Scientists are using powerful lasers to mimic the effects of supernovae, which are helping to reveal how the magnetic fields of galaxies may have been formed in the early universe. All galaxies have magnetic fields, ones that might affect how fast stars are born, but it hasn’t been discovered where these magnetic fields come from.
The standard model explains that these fields form from tiny magnetic fields, which existed before galaxies appeared, serving as cosmic seeds that were amplified over billions of years by the turbulence in the intergalactic medium. It’s still unclear how these seeding magnetic fields initially arose.
In order to confirm that seed magnetic fields could form this way, scientists experimented with high-power lasers at the Laboratoire pour l’Utilisation des Lasers Intenses (LULI) in Paris to try and recreate the extreme conditions of outer space. Green lasers blasted a carbon rod about 500 microns thick, just about five times thicker than a human hair, delivering more energy onto its surface in an instant that the whole Earth would receive from the sun in that same instant.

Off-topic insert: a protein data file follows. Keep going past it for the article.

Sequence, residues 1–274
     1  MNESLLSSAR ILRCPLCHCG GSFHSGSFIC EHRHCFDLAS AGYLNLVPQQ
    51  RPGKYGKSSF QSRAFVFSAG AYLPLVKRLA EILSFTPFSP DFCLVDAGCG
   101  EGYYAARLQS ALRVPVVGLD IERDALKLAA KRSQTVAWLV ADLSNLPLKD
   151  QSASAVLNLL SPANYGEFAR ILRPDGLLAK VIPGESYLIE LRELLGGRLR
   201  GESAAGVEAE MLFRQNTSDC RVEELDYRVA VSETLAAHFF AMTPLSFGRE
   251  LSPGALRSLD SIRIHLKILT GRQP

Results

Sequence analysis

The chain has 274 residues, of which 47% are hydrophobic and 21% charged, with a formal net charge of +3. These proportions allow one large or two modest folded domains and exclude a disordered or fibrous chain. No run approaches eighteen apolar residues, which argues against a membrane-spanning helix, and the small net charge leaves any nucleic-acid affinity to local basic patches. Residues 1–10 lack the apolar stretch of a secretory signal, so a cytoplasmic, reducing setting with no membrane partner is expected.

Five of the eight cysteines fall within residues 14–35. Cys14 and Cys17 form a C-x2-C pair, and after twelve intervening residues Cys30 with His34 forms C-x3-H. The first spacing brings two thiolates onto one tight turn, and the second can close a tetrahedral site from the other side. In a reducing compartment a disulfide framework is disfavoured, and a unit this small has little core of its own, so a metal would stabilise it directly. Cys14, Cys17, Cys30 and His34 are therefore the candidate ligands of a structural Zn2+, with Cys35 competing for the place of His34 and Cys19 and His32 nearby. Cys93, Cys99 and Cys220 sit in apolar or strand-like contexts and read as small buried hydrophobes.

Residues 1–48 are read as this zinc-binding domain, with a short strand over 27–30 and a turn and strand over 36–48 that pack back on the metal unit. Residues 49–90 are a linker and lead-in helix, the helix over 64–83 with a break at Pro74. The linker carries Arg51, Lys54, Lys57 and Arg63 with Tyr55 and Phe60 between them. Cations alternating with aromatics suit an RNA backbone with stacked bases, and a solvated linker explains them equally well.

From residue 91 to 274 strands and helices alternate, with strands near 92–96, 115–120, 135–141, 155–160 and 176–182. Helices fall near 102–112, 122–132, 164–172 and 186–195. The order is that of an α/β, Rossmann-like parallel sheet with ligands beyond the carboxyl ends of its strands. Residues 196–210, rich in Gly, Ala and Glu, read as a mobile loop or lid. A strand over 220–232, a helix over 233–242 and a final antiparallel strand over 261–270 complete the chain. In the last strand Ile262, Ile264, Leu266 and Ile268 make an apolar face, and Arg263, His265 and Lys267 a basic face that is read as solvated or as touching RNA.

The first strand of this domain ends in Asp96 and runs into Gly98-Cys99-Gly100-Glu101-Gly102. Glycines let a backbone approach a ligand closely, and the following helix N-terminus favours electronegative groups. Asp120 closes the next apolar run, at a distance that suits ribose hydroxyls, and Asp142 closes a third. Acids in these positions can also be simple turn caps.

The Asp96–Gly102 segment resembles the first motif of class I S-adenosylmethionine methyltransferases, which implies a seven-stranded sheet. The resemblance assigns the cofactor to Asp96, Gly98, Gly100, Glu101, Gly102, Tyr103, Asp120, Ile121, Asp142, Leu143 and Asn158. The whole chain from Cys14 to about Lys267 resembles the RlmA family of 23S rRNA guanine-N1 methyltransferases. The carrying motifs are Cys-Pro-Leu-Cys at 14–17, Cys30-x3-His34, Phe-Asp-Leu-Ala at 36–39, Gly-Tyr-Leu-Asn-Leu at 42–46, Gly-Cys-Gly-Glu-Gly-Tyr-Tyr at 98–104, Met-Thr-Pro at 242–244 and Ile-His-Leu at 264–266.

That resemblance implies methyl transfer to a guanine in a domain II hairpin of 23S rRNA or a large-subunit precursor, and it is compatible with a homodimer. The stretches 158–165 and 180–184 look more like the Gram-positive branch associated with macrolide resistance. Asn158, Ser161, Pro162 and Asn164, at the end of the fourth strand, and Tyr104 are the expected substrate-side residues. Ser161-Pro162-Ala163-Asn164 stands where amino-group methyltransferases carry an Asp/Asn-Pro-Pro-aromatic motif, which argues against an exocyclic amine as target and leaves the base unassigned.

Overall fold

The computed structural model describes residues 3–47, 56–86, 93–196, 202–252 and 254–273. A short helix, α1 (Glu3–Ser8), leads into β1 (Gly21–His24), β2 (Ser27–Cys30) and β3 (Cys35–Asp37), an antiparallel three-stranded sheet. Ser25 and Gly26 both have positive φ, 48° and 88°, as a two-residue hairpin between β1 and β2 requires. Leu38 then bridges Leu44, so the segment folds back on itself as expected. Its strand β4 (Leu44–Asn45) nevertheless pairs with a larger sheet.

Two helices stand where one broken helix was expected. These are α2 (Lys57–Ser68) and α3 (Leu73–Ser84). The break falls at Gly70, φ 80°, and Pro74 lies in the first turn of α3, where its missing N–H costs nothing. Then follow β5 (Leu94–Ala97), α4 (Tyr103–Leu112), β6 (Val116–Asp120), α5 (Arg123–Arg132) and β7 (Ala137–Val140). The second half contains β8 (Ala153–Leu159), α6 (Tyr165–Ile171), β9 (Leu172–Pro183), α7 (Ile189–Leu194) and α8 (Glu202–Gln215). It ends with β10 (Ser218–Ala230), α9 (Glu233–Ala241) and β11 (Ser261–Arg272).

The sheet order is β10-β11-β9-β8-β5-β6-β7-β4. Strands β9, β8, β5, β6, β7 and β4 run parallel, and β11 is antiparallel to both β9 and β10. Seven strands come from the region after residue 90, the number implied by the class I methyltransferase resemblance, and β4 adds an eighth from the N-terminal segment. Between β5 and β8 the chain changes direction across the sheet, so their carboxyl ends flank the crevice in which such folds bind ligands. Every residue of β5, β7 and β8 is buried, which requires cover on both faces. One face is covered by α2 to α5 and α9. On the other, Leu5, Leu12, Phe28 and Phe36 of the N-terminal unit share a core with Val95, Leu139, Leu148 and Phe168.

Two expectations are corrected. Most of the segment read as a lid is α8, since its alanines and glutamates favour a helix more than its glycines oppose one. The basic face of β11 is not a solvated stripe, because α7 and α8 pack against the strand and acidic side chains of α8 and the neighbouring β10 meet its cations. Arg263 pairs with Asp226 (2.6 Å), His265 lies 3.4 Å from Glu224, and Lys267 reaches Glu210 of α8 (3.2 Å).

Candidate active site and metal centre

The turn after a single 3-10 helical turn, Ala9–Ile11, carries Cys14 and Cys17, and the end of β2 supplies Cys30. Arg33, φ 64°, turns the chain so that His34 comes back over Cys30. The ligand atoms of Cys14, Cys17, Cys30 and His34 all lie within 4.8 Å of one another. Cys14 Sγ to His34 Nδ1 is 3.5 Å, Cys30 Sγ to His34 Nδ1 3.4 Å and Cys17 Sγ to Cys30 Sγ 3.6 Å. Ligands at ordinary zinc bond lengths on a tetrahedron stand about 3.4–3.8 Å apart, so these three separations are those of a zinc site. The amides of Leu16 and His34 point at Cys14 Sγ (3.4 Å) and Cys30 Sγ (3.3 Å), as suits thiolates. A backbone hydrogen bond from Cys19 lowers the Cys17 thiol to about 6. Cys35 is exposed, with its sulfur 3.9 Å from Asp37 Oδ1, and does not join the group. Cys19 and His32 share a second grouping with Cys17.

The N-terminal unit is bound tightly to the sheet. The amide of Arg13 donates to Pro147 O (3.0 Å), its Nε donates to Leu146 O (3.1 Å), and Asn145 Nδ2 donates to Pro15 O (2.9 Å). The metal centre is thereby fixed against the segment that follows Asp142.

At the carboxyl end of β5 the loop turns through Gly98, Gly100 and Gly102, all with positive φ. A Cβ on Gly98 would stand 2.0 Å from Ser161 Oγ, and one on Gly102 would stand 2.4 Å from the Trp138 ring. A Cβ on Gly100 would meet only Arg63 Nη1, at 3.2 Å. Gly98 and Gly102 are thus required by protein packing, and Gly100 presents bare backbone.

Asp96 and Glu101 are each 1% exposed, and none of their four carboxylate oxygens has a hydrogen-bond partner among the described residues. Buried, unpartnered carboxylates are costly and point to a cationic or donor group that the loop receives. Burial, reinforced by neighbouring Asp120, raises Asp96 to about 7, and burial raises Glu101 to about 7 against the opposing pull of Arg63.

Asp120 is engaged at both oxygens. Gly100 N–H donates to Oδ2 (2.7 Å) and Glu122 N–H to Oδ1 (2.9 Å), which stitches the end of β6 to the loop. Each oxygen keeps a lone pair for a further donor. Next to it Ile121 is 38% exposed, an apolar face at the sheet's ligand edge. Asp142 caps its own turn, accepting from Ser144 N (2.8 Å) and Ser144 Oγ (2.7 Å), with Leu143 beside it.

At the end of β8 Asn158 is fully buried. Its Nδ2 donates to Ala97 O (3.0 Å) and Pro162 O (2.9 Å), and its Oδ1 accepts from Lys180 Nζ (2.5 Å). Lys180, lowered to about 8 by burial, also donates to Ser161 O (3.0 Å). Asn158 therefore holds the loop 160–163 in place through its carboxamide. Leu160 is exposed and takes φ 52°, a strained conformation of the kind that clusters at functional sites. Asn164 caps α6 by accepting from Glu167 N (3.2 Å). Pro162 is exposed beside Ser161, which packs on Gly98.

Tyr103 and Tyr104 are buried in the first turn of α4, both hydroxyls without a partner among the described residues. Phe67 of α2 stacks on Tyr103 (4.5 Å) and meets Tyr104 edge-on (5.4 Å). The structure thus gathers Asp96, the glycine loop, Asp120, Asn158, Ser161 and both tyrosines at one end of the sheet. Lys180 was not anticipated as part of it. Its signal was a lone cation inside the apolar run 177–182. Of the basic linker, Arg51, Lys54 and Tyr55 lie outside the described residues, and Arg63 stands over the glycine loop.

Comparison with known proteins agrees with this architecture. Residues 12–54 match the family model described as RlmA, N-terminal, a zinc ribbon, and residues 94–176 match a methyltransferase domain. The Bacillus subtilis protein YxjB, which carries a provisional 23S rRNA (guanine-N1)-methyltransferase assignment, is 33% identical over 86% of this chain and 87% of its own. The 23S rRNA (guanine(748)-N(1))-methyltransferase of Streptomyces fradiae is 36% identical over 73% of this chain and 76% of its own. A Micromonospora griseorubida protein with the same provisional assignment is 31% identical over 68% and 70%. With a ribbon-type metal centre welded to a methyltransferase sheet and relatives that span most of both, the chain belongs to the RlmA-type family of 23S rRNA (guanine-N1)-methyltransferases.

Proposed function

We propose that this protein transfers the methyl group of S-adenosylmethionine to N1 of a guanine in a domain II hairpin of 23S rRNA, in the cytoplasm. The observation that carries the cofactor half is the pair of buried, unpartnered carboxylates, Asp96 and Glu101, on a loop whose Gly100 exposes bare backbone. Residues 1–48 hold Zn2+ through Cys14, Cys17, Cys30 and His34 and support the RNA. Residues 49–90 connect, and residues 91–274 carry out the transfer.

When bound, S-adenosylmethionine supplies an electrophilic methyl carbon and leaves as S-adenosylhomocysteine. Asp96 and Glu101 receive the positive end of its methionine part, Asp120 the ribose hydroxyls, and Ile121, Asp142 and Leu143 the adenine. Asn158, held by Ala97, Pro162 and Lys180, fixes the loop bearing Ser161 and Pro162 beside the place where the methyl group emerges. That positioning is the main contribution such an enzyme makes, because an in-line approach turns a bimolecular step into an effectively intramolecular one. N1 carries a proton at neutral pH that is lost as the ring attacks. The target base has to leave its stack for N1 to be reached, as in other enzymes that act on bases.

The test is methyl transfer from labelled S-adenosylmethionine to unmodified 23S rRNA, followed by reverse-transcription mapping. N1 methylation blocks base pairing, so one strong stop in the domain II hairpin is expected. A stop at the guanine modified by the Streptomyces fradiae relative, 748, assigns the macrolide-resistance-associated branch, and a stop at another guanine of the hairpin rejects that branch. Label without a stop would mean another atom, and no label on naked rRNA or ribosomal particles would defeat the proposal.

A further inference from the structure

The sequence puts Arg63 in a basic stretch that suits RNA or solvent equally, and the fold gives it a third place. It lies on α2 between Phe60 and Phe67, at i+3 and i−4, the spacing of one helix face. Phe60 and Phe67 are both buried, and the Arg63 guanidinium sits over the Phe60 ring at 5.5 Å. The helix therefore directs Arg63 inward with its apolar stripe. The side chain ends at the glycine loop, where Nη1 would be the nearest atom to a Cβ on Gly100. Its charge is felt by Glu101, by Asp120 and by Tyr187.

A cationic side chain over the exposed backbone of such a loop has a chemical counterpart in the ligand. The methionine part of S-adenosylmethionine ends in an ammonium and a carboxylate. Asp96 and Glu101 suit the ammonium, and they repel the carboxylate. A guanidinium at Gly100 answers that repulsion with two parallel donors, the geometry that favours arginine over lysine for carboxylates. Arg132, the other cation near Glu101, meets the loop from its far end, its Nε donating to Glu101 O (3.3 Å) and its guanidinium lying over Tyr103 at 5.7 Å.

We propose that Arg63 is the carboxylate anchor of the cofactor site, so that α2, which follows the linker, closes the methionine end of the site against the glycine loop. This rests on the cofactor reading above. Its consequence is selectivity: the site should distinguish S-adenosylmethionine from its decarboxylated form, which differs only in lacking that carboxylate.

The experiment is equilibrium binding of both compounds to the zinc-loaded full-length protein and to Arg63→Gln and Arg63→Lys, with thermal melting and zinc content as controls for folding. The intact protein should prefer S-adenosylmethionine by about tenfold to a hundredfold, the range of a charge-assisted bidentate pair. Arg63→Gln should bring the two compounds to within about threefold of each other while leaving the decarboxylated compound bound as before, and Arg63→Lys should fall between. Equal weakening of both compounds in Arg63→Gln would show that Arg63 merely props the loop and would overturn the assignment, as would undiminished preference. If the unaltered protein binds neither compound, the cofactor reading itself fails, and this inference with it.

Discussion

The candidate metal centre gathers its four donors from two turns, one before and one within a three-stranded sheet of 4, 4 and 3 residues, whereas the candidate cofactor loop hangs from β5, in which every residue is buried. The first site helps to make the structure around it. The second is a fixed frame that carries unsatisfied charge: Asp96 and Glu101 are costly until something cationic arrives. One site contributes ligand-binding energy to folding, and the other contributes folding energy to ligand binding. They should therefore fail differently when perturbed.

This mimics a blast just like a supernova, states lead author Gianluca Gregori, a physicist at the University of Oxford in England. The flexes of the carbon rod generate a shock wave within the low-pressure helium gas that surrounds it. The shock wave also produces eddies, that could create magnetic fields.
This scaled experiment reproduces the plasma conditions found in the early universe, but in a laboratory setting. They’ve calculated that it would take about 700 million years to amplify seed fields to galactic proportions, supporting the current theories of how galactic magnetic fields arise.